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I believe the family whose pictures are below is descended from the following John Rosenberry of Butler County, PA.   I think that aside from the one that settled in NY, some children settled in the counties surrounding Butler Co. however, some sailed down the river to central OH.  (This was an avenue I pursued trying to make a connection to my line - unsuccessfully.) ~CJR

Found at the Butler county PAGenWeb site from the History of Butler County:


Allegheny -- John LOWRIE, 1796; John CRAWFORD, 1797; John REDICK, James ANDERSON, Levi GIBSON, John ROSENBERRY.

John ROSENBERRY, from the eastern part of the State, was one of the earliest of the pioneers. He came into the wilderness alone, and lived in a small cabin one summer before returning to the East for his wife. Bears and wolves were his neighbors on all sides, and he frequently received visits from strolling Indians, who were glad to exchange deer-meat, etc., for small quantities of salt. ROSENBERRY carried his provisions from Freeport, either on foot or on horseback, following an Indian trail. He put in his first wheat by the aid of a team composed of a three-years old bull and an old horse harnessed together. He brought out a bed-tick with him, and made a bed by filling it with leaves. After his summer's work was completed, he returned home, married and came back to his lonely cabin in the woods. The leaves of his bed were lying on the floor, but the tick had disappeared, and very likely the Indians had it. 

Mr. ROSENBERRY was twice married. James, Henry, Oliver and two daughters who died young were the children by his first wife. The second wife bore John, Levi, David, Joseph, Cyrus, William and Polly (DOW). Three of the family--John, Joseph and Polly--are living. John was born in 1807, and now lives on the old homestead. A hand-mill was used by this family for grinding corn, and the stones of it are still lying on the old farm. 

When Mr. ROSENBERRY first located here, for some years he was greatly annoyed by bears, which killed his hogs, calves and sheep. One day he found a bear killing a hog. Having no gun at hand, he sharpened a pole, and with this weapon attacked the bear so roughly that he was glad to escape.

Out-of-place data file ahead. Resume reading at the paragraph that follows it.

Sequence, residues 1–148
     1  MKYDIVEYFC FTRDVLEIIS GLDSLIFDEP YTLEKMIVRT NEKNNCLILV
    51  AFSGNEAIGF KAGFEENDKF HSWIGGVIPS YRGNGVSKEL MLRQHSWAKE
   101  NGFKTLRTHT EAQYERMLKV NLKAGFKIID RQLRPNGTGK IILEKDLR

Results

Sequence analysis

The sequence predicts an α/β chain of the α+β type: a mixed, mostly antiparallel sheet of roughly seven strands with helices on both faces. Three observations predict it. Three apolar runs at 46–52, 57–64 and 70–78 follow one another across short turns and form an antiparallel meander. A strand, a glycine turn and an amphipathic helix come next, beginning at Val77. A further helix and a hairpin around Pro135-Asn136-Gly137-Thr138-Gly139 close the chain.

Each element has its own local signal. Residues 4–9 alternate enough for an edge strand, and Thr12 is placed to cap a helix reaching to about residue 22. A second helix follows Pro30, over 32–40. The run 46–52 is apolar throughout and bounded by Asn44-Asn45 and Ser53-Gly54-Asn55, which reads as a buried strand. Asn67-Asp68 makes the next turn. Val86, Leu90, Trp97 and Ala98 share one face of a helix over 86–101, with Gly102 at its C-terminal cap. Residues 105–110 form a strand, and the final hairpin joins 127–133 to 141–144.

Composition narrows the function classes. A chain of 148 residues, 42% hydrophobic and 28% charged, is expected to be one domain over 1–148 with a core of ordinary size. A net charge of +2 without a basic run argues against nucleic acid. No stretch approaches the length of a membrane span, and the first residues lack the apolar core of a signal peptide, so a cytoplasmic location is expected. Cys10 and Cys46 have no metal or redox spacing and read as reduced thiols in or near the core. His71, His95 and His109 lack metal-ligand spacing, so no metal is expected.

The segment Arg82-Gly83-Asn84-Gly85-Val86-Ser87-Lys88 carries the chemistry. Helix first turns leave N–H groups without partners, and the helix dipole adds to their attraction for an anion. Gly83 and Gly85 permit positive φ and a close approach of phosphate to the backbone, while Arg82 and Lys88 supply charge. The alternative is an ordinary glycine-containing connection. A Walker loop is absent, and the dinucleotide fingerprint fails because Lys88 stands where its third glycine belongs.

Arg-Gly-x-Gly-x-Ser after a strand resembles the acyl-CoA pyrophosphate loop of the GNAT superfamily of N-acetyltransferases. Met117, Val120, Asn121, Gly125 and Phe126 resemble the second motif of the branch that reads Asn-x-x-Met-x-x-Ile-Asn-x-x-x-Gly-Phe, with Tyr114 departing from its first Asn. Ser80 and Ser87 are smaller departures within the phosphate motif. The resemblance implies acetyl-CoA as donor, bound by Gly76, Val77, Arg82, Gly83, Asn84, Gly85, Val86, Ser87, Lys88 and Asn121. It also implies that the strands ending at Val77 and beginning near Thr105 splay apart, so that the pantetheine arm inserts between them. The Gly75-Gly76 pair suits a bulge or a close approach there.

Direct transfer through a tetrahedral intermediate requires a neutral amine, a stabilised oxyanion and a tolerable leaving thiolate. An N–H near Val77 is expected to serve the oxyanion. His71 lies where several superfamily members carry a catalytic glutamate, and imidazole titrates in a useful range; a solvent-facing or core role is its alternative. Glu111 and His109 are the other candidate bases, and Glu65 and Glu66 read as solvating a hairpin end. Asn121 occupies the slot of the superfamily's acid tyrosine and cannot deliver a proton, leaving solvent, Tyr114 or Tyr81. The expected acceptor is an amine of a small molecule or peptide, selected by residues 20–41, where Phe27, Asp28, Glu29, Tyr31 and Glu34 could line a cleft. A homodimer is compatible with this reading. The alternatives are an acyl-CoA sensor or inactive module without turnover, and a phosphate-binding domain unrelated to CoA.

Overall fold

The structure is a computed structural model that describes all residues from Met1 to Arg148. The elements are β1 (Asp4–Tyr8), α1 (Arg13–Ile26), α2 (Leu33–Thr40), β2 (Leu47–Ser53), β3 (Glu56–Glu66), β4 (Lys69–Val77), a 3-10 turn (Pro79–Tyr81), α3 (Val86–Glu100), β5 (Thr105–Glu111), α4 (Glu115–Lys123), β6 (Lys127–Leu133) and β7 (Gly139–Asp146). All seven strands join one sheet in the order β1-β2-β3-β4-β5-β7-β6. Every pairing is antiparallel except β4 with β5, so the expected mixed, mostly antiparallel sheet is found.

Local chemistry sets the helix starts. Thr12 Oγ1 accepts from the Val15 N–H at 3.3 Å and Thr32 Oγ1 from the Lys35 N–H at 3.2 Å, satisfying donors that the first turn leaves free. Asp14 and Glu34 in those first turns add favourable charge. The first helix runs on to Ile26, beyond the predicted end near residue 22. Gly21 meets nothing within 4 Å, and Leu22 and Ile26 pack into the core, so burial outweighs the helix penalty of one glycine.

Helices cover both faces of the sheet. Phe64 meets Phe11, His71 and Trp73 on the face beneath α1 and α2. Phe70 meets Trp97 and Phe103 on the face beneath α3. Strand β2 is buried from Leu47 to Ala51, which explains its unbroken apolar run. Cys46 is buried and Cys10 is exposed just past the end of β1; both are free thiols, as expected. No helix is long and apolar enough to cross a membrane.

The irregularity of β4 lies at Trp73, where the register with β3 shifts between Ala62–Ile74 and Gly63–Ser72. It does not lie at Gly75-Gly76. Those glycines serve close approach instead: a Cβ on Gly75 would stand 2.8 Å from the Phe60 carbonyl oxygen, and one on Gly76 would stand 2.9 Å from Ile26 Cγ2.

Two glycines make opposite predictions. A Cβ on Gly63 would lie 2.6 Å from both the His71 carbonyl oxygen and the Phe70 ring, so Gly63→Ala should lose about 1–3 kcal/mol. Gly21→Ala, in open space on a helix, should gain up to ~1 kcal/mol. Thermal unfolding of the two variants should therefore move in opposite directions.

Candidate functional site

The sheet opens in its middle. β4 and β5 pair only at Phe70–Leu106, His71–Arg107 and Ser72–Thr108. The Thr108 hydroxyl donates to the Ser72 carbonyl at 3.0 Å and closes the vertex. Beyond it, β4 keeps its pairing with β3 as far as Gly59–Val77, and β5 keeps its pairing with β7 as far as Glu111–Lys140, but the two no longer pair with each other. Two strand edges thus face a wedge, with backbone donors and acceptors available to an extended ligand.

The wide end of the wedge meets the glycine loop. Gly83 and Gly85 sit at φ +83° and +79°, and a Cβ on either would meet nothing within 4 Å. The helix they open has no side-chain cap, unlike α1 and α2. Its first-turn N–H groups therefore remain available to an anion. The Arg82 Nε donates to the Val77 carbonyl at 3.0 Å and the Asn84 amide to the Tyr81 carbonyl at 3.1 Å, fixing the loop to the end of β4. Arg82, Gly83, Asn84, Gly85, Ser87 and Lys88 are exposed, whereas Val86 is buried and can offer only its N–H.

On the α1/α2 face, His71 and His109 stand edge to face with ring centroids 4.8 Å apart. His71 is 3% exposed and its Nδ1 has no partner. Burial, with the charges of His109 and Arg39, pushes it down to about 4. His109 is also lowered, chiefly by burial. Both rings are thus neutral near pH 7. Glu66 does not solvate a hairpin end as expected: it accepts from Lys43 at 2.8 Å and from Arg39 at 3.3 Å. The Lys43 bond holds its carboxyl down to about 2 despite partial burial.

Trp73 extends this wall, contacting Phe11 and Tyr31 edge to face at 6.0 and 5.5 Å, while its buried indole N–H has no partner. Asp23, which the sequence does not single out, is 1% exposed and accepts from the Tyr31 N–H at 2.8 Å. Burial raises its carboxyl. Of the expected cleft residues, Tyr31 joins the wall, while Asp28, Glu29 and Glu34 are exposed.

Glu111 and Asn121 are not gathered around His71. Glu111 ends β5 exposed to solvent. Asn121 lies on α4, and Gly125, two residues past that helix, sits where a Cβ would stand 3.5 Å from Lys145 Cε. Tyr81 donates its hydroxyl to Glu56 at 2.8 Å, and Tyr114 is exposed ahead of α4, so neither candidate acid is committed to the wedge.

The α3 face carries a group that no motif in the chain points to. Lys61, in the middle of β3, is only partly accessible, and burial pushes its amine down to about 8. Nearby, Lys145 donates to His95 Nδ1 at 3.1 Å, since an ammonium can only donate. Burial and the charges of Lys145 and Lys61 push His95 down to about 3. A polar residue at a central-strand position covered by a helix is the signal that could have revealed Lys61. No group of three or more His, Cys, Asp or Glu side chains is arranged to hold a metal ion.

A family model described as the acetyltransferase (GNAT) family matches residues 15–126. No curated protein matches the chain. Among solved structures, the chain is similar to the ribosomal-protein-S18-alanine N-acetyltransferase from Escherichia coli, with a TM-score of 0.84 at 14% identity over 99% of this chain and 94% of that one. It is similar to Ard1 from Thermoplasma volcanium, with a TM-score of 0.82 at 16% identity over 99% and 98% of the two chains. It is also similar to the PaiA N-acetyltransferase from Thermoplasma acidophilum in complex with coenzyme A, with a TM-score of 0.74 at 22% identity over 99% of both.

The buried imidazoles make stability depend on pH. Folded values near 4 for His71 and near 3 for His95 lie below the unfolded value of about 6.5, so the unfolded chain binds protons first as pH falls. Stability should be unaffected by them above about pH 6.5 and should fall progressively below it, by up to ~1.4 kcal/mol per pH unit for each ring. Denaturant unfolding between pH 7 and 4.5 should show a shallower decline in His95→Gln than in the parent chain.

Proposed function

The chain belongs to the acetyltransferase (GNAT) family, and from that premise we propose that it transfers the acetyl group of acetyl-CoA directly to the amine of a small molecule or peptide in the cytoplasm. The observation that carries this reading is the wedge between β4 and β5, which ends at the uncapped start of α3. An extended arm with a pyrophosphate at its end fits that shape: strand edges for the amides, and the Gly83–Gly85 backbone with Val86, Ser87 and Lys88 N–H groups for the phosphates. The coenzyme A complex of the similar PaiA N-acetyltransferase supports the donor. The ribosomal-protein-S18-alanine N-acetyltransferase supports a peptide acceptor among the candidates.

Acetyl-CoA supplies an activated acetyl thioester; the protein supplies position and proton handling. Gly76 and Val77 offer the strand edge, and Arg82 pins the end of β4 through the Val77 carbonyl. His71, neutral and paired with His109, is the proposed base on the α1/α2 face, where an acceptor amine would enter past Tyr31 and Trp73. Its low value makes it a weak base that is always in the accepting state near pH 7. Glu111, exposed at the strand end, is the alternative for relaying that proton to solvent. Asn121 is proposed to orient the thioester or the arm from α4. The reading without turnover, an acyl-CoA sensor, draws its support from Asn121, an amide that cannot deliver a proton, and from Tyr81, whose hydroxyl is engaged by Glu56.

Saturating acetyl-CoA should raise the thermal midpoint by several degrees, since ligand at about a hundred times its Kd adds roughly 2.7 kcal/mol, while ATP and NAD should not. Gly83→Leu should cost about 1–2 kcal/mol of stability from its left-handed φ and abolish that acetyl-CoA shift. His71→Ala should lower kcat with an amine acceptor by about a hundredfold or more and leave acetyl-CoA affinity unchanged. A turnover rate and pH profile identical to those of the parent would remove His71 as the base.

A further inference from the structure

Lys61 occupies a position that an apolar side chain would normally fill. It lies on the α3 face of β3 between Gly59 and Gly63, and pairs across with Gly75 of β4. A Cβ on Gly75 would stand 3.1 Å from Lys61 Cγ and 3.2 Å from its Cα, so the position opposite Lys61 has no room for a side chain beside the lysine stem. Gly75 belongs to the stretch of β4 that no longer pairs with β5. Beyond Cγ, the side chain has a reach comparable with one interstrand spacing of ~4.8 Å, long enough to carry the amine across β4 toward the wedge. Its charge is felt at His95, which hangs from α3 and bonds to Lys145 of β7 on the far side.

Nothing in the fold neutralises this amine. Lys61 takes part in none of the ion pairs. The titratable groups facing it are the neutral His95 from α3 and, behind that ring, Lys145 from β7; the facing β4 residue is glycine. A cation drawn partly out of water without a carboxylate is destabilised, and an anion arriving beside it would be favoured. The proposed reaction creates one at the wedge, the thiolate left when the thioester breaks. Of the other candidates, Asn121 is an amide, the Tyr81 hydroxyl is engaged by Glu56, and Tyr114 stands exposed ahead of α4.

ROSENBERRY Family of Red House

Posted by Arthur J. Burch <> on Sat, 04 Mar 2000


Bio from: Historical Gazetteer and Biographical Memorial of Cattaraugus Co. NY, pub 1893
History of the Town of Red House Chapter XLV (45)
Page 1081

James ROSENBERRY was born in Butler county, Pa., and became the second permanent settler in Red House, locating on lot 31 in 1837. He went to Great Valley in 1815 and thence to Salamanca in 1816, where he lived until his removal hither. He died here, the oldest man in town.

Contributors: Arthur Burch and Laura Greene.
*Please note: The contributors are not members of this family and have no other information*.

Th epictures below were sent to me after I responded to the following GenConnect posting by Pat Drummond.

Thomas Rosenberry marries Charlotte Strickland

Posted by: Pat Drummond Date: October 05, 2000 at 08:48:15 
of 7 

Thomas Rosenberry was b. in Little Valley, New York, March 9, 1852. He married Charlotte Lunora Strickland (Lottie) b. April 26, 1855, (probably in Red House, NY).
Their children were James Francis Rosenberry, b. Red House 1881--married Alice____
Richard Ralph Rosenberry, b. Red House Aug. 28, 1883, married Mae Baldwin. I have pictures of them taken in 1900.
(photos received and posted below)


<Jim Rosenberry with family in his later years (seated left).

From left, Lottie's mother Catherine Camp Strickland, Jim Rosenberry, son Cecil Rosenberry, and Lottie Strickland Rosenberry>



<Lottie Strickland Rosenberry


Chard? and Jim Rosenberry>


<James "Jim" Frances Rosenberry


Jim Rosenberry>


<Cecil Rosenberry


Cecil Rosenberry>

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